Never Enough: Finally a really heavy song from start to finish. Fast, with a relentless drumming. It could have had a better refrain. There is a smart electronic theme on the keys behind the pounding duo of guitar / drums. Modern keys reemerge just before the guitar solo. Once again the guitar solo sounds more like an exercise on scales rather than a real solo, at least just before its end it carries a nice harmonized melody.
Sacrificed Sons: the second in length song in the album runs almost around eight minutes and it is bridged with Never Enough by some incomprehensive spoken words and parts from speeches (referring to global terrorism... I think?). The chilling opening brought in mind at first a fragment of Voices from Awake. This is a dark and kind of hallucinating vibrated song. It has a climax and a GREAT bridge / refrain. It brakes down around the fourth minute to carry out some nice scaling on guitars / drums and an extensive keyboard solo. From there on follows a very lengthy instrumental part that leaves a two minute brake for the vocals to kick in again.
Octavarium: Well, here it is. The album's title song runs for almost twenty four minutes! OK, this is not the first time Dream Theater offer us such a treat. It has a down-tuned intro, actually kicks in around the fourth minute. The acoustic guitar / flute combo set my mood for all the great things to come. The song gets a bit faster around the eighth minute but keeps its acoustic profile. Around the tenth minute the song gets electrified. Cool! OK, the keyboards on 13:00 sound a bit goofy but really manage to turn the tide in the song. From there on it becomes a Dream Theater ride, like those of the old days. Progressive and complicated, baby! It's one of these songs that make you wonder how on earth these guys remember what they play and perform it live. At times it reminded me of Learning To Live with all these changes in the guitar / keyboards style. In case some of you are wondering why Dream Theater are so highly praised among the ranks of progressive people, here's proof for you.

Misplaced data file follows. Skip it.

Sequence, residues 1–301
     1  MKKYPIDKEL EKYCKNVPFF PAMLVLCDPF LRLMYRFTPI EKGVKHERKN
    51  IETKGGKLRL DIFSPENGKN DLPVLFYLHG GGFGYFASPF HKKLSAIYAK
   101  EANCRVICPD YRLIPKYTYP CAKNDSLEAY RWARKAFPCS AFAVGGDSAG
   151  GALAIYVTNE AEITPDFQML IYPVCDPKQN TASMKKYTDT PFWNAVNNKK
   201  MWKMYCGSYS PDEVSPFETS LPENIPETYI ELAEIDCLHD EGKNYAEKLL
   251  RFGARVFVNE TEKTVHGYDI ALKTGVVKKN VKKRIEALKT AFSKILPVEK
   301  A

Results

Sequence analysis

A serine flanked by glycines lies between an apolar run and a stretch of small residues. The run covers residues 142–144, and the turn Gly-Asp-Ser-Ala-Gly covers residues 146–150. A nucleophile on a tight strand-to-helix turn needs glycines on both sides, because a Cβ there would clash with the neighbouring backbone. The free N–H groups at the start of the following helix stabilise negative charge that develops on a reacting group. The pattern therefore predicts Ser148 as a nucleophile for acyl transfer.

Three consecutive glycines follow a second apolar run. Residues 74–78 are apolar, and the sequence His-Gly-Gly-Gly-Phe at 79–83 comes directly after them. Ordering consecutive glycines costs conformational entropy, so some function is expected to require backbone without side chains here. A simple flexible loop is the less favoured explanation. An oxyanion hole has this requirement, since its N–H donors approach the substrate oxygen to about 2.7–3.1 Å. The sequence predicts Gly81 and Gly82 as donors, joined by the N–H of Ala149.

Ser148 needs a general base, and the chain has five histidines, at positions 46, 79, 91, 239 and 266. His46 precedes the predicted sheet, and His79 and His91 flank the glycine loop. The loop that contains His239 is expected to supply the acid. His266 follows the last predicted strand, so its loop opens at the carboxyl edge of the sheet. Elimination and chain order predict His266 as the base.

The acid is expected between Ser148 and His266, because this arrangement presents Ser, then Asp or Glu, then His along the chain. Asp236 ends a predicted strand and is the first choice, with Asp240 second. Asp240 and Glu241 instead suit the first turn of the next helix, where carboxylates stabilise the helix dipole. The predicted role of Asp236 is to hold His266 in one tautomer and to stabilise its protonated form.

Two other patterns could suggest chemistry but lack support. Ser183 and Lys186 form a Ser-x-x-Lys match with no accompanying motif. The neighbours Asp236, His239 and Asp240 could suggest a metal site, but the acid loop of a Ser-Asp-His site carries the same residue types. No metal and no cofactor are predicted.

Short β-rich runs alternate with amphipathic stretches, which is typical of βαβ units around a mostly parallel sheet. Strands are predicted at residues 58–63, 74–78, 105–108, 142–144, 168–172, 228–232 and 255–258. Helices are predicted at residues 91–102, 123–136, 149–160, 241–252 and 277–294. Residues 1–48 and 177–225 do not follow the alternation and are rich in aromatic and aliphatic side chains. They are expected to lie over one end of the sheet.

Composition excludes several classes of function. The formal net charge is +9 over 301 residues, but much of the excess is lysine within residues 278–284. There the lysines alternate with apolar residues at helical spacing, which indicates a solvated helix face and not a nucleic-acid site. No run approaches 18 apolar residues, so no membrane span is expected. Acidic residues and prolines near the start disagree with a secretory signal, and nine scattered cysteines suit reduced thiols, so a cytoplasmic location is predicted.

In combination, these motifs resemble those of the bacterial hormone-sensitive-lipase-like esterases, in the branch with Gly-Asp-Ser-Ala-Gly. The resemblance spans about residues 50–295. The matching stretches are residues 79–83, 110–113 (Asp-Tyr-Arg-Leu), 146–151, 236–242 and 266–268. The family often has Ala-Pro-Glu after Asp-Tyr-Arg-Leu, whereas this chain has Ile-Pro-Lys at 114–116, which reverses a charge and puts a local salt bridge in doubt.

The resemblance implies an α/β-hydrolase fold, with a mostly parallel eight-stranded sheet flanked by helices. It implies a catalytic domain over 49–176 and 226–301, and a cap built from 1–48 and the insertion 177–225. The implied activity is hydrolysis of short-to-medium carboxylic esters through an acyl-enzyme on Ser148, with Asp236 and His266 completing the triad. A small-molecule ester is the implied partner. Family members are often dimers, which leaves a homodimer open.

If I had to compare Octavarium to Train Of Thought I would say that: a) it carries much more varied compositions and b) with no doubt the keyboards' role has been upgraded. Though it will take me some time to accept in a 100% rate the low tuned guitars, I can't blame a pioneering band that simply tries to keep up with the progress in Metal music. Yes, Octavarium does not include the acrobatics of Images And Words or Awake but the band's decision to leave (at least for a period of time?) all these out of their music was obvious from their previous album.
Lets face it: Dream Theater have nothing to prove to anyone. They have done it all. Octavarium and Train Of Thought sound mostly like albums the band crafted to amuse themselves.

8 / 10


"Octavarium" Track-listing:

The Root Of All Evil
The Answer Lies Within
These Walls
I Walk Beside You
Panic Attack
Never Enough
Sacrificed Sons

Dream Theater Lineup:

James LaBrie - Vocals
Mike Portnoy - Drums
Jordan Rudess - Keyboards
John Myung - Bass
John Petrucci - Guitar